With the increase in digital marketing and promotions, there is still and will always be a necessity for your business to have printed materials. Depending on your business, that could either mean printed brochures, business cards, outdoor and indoor banners, promotional displays, etc. No matter what you are printing, it is great to know the basics that will transpire from design to print for the best quality printed materials for your needs.
Basics To Be Print Ready
Whatever artwork or digital designs you have created may be, you must first know and understand that from design to print is like translating to a different language. The language of printers and physical materials is different from digital form. If you do not consult with a professional about the design file before sending it to a printer, you will most likely run into trouble.
In order to avoid stress, anxiety, wasted money, time and resources; it is recommended to discuss your printing needs with your print management agency. They will be able to decipher the best format needed for your printing needs. Being print ready to an agency means that that your file has been designed, sized, saved, and formatted properly as prepared for the printing process.
First Steps To Consider From Design To Print
As stated previously, you’ll want to consult with a professional before sending it to a vendor for printing. When it comes to file formatting, there are four factors that you will want to consider when taking an item from design to print. First, you will want to take a look at your file size. It should be sized based on the size at which you want that file printed. If you are printing a 24 inch by 60-inch banner for your marketing or promotional materials, your design file should be 24 inches by 60 inches.
Second, your resolution is measured in pixels per inch (i.e., PPI) or dots per inch (i.e., DPI). You want to avoid the pixelated and blurry look when printing. It’s best practice to set your design file’s resolution to 300 PPI.
Third is your color mode. When it comes to your computer, it uses the RGB color model to interpret color. However, your printer uses the CYMK color model. This means that you’ll need to convert your design files to CYMK color model before printing. If you skip this conversion, your physical print will not look the same as your on-screen design. Lastly, you will need to outline any fonts that appear in your design before sending it to your printer. Why? By doing this, you will change your fonts into shapes. If your printer doesn’t have your chosen font in their system, the printer will still be able to print the font correctly by recognizing them as shapes instead.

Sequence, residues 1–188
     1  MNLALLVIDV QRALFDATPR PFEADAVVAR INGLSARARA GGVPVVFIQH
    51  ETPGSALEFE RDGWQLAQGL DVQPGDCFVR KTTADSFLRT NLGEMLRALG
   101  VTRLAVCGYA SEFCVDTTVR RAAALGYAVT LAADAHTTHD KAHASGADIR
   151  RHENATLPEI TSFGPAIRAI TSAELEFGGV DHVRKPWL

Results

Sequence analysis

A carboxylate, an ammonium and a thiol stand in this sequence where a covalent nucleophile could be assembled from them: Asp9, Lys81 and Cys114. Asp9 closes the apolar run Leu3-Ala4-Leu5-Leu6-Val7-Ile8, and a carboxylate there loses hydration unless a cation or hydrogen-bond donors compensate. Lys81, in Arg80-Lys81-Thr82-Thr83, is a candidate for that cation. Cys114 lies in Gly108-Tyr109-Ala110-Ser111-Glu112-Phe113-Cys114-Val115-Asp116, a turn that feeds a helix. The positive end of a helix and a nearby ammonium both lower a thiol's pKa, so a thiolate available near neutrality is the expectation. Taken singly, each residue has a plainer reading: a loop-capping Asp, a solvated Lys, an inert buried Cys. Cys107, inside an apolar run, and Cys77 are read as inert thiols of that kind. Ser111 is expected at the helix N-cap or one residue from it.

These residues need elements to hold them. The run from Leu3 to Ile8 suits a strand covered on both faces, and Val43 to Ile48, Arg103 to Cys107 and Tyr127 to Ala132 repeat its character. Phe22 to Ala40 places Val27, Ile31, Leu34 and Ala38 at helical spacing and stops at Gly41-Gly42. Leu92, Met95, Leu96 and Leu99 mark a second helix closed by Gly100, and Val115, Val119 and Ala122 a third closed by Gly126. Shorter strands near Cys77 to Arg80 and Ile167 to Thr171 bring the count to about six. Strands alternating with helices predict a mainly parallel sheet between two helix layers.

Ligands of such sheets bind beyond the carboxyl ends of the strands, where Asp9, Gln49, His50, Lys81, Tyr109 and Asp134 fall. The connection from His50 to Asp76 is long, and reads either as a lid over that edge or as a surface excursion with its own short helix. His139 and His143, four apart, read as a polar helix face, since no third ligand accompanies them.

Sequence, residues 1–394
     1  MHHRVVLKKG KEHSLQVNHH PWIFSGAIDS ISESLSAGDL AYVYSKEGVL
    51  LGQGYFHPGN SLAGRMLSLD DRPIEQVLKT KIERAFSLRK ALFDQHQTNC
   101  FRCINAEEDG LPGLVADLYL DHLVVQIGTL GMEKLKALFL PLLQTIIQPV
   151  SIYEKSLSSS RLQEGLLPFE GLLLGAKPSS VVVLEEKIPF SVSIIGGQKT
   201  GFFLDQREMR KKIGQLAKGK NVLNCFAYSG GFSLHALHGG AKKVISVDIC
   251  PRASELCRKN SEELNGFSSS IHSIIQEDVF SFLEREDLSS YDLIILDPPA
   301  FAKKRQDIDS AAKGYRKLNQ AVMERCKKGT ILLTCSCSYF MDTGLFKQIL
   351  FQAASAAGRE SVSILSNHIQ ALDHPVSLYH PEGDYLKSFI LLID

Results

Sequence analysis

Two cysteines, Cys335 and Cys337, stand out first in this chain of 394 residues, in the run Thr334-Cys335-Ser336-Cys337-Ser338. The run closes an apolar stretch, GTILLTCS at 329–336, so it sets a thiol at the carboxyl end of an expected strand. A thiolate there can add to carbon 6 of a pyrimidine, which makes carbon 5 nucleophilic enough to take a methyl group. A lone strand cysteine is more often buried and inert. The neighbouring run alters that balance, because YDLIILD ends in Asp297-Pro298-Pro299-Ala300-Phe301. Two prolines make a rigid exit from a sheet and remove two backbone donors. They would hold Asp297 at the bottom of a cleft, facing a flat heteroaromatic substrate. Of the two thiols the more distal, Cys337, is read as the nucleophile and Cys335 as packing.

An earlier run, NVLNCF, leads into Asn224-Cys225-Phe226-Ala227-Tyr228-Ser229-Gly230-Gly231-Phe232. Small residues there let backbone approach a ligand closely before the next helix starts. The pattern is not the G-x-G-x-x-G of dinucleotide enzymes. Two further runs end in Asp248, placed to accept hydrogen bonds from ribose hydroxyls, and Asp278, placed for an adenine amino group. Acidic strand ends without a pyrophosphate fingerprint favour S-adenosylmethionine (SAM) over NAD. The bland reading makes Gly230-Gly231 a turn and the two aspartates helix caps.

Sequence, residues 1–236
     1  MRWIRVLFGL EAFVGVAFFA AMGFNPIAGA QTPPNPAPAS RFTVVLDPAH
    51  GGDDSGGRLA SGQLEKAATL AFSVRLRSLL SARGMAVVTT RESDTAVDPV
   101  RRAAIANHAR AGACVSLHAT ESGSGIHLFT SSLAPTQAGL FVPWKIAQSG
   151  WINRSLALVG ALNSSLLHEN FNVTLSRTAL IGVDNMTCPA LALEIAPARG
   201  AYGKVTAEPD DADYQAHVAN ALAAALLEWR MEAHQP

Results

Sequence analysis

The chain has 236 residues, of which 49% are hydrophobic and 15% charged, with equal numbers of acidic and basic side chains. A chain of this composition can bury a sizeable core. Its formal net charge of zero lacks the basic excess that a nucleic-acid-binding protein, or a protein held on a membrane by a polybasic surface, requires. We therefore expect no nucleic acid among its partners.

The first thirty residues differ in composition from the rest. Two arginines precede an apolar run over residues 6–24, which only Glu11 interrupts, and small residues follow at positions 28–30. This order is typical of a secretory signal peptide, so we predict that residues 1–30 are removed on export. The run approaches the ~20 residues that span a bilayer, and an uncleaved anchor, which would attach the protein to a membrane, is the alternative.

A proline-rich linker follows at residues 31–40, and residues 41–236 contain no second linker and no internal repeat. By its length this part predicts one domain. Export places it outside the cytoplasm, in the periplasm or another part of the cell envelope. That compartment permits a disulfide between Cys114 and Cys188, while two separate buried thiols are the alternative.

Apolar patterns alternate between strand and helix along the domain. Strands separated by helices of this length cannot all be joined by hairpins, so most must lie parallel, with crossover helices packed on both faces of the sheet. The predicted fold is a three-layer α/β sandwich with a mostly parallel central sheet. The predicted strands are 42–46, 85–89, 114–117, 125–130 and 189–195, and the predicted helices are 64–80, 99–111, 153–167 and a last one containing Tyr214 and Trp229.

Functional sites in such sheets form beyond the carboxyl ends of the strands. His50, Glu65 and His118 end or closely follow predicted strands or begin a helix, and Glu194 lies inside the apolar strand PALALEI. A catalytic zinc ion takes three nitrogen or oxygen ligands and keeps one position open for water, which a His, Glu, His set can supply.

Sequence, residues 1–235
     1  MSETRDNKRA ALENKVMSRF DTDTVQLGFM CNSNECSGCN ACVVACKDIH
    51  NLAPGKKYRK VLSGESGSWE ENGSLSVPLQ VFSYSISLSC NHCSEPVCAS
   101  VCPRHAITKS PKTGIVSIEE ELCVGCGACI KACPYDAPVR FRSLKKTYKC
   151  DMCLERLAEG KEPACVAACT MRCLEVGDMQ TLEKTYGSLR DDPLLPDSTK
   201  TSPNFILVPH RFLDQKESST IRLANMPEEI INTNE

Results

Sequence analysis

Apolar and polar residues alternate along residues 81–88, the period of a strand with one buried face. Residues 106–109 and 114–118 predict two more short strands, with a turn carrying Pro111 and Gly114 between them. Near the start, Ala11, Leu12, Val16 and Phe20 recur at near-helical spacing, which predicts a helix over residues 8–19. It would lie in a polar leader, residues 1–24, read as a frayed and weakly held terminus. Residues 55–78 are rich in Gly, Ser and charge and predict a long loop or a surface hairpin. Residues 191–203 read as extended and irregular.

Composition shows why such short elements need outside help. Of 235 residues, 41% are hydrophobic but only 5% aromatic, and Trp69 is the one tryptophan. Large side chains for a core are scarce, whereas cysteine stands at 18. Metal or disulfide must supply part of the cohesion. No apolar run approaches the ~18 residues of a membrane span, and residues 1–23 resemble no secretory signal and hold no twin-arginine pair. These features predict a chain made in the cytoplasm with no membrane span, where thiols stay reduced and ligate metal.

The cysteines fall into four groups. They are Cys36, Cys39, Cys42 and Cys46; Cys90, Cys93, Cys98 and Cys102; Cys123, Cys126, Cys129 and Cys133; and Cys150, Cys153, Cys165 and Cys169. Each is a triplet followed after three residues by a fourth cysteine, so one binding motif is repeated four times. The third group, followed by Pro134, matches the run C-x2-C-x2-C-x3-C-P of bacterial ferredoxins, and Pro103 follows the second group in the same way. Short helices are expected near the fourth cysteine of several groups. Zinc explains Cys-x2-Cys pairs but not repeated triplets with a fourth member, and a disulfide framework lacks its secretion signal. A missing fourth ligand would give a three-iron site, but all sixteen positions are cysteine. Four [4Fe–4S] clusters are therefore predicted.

Mistakes That Designers Must Avoid With Print Files
There are various mistakes that can be made from design to print for promotional or marketing materials. These top four mistakes that designers make in print files should be avoided: no bleed lines, file output and RIP settings, borders, and total ink coverage (TIC). Let’s break down each one quickly, so that you or your designer can avoid making these common mistakes.
Every document that goes to a printer needs to have bleed lines. They allow the printer to grip the print surface as it passes through. When you design to the edge of the page, make sure your file includes at least 3 mm or .25 in. in bleed lines. This will save you a headache or two down the road.
Next is file output and RIP settings. You’ll need to check with your printers on how they want those settings if your design includes transparencies, gradients or drop shadows. Since each printer has a different raster image processor (RIP), this factor will impact how it reads the data in your PDF and outputs your project. This item in particular can be tricky, so make sure that you consult with your print management agency and that your file is compatible with your specific printer/printing method.
Moving on to the issue of borders from design to print. You must exercise extreme caution or even avoid using borders that depend on alignment with page edges. This is because in the printing and assembly process, it is extremely difficult to get perfectly parallel to the edge of the page every time.
Last but certainly not least is our total ink coverage (TIC). The physical printing process comes with some inherent limitations (as anything and everything else does in this world). Texture and viscosity of ink simply means that it can be applied only in certain ways and requires specific drying times.
You’ll need to consult with a professional regarding absorbency limits, warping, losing clarity, etc. to make sure that your finished product will appear as desired from design to print.
It can become a confusing or daunting process when discussing the necessities from design to print. However, when you have a print management agency on your side that can collaborate, assist, and deliver high quality products, you will be able to rest easy knowing that you are taken care of well. At Mind’s Eye Cre8tive, we do just that for every client and project. We are able to provide up to date printing techniques and high quality customized printed products for any of your business’s needs. Find out more about what we offer by calling us today!